This release is the first one in which the UMBEL subject concepts and ontology will be applied as a real vocabulary in public settings. Some areas are known to be weaker and less complete than others. Some areas, such as the coverage of Internet and the Web topics particular to domain experts, are relatively sparse. Other areas, such as organizing science and academic disciplines, have seen much improvement, but more is necessary. Still additional areas will certainly surface as warranting better subject concept coverage.

Input mechanisms are being put in place for user feedback and input and discussion is always welcomed at the project’s discussion forum and mailing list. We anticipate rapid changes and versioning over the next six months or so, which is also roughly the forecasted horizon for the first production-grade version 1.0.

Contributions and Thanks

A number of individuals and organizations have contributed significantly to this release, for which the project offers hearty thanks.

Zitgist LLC has been the major source of staff time and hosting services to the project. Two of Zitgist’s principals, Mike Bergman and Fred Giasson, have acted as editors on the UMBEL project.Zitgist also has contributed nearly two person-years of effort to the project.Zitgist intends on continuing to lead and manage the project with a substantial future commitment of time and effort.
OpenLink Software has been the major source of infrastructure, financing and software for the project. OpenLink’s Virtuoso virtual data management system is the hosting software environment for UMBEL and its Web services.Kingsley Idehen, CEO and President of OpenLink, has been a key source of inspiration for the project.
Cycorp is the developer of the Cyc knowledge base, with more than 1,000 person-years of effort behind it, from which the OpenCyc open source version is derived.Since the initial selection of OpenCyc for UMBEL, Cycorp staff have devoted many person-months of effort to help explain the underlying system and, then, most recently, to make improvements and revisions to OpenCyc and its OWL version in response to project input. Larry Lefkowitz, VP of business development, has been a very effective interface with the project.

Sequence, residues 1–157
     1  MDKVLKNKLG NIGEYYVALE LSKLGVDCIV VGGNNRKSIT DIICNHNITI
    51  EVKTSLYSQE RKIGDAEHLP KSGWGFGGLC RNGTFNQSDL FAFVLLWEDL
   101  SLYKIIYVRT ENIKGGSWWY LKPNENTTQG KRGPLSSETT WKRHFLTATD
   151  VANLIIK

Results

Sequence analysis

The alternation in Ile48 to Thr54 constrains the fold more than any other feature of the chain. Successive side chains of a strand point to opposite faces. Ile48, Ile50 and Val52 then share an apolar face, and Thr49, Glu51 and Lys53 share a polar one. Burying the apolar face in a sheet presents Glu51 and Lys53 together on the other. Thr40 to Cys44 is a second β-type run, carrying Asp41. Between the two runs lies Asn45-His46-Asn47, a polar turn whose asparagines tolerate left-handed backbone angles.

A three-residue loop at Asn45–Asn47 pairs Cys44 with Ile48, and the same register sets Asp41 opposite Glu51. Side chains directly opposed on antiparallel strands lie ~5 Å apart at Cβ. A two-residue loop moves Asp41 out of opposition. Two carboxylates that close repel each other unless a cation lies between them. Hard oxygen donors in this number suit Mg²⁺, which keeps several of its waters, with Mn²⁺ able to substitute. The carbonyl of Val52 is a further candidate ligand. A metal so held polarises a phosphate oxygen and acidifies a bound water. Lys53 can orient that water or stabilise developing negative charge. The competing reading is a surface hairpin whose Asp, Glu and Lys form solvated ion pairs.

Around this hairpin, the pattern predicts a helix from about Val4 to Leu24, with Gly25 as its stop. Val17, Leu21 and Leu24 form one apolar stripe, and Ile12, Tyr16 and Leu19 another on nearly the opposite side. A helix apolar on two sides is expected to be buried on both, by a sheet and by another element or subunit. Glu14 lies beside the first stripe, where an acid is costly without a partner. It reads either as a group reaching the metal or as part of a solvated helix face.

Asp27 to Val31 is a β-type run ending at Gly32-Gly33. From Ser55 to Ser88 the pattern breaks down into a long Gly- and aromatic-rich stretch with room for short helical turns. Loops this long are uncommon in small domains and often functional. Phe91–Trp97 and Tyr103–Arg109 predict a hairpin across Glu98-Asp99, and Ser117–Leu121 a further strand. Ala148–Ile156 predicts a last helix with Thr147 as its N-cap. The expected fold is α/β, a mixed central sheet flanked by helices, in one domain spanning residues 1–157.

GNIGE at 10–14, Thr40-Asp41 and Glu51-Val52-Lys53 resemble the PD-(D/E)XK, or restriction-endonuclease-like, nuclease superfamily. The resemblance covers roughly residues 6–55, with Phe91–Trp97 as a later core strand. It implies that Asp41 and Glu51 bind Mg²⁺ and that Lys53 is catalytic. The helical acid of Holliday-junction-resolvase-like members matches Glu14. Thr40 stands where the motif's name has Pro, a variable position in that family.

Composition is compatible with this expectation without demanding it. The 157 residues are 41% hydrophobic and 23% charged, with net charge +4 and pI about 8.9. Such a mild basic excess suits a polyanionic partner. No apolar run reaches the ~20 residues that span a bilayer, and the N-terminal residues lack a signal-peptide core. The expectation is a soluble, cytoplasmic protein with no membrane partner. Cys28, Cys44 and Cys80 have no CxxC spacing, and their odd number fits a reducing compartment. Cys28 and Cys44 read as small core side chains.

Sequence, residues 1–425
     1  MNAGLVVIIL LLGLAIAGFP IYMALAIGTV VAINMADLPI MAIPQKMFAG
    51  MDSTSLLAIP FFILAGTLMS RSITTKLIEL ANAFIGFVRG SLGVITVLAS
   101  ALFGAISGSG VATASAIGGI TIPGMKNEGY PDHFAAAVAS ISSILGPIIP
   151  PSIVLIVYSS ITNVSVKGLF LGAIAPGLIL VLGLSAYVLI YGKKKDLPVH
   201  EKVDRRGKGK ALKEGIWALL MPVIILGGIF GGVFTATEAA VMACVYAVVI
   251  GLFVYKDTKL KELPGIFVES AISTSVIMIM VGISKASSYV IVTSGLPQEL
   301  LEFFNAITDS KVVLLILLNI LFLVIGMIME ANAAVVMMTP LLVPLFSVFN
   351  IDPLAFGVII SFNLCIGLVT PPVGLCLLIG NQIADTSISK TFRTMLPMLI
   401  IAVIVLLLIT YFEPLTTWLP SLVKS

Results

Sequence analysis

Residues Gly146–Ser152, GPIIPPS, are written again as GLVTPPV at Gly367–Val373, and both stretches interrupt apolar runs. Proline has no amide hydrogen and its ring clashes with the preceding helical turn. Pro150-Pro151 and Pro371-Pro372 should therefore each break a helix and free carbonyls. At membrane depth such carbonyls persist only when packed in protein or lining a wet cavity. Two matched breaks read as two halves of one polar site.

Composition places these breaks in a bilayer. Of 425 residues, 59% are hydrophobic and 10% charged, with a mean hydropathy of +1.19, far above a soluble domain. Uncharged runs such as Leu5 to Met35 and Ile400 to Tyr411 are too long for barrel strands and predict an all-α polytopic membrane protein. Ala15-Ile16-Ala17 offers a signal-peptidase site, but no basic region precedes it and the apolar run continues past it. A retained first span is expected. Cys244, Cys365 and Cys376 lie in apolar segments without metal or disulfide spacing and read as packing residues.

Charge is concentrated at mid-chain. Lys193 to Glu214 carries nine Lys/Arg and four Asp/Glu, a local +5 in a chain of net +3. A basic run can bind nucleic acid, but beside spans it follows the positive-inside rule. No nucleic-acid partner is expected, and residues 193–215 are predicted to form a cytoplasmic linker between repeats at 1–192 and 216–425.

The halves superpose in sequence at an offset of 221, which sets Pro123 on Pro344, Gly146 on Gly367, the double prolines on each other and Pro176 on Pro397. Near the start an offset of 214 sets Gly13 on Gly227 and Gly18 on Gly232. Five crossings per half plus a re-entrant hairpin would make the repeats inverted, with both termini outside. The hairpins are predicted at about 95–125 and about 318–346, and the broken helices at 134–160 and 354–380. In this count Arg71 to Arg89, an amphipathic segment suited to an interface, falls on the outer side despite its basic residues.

YAGO is a project from Fabian Suchanek, Gjergji Kasneci and Gerhard Weikum of the Max-Planck-Institute for Computer Science, Saarbruecken, Germany. It is based on extracting and organizing entities from Wikipedia according to the WordNet concept structure.YAGO demonstrated the methodology for how to replace the native Wikipedia structure with alternate external structures and provided the starting set of named entities used within UMBEL. Fabian has been especially helpful in data, software and methodology support to the project.
The Cyc Foundation and its members have been devoted to Web exposure of OpenCyc and have provided great guidance to the project in learning and navigating the knowledge base. Their concepts browser and other Web services have also been extremely helpful to the project’s initial ideas and testing.Mark Baltzegar and John De Oliveira, the two lead directors of the Cyc Foundation, have been particularly helpful.
Moritz Stefaner is one of the innovators and rising stars in large-scale data visualization.Moritz has kindly contributed his cool Flash explorer implementation used in UMBEL’s Subject Concept Explorer and continues to make ongoing improvements to UMBEL’s visualization.Moritz’s Web site and separate blog are each worth perusing for neat graphics and ideas.

Thanks, all of you! This is a day we have worked long and hard to see come to reality. As Fred puts it, let the fun begin!

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First Public Version of UMBEL Released

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Bringing Context through a Meta-Subject Framework for the Web Today marks the first public release of UMBEL, a lightweight subject concept reference structure for the Web. This version 0.70 release required a full 12 months and many person-years of development effort. UMBEL (Upper Mapping and Binding Exchange Layer) is a lightweight ontology structure for relating […]

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4 thoughts on “First Public Version of UMBEL Released

  1. Thank you for making these drawings. I’ve overlapped the shapes with similar shapes and a few linked open data initiatives ~ trying to understand what such as space might look like if actually combined.

    Deborah MacPherson

    Projects Director, Accuracy&Aesthetics
    Specifications, WDG Architecture PLLC

  2. Thank you, Deborah!

    I think your ‘Convergence’ piece is awesome! (Every time I look at it, it has changed!)

    Mike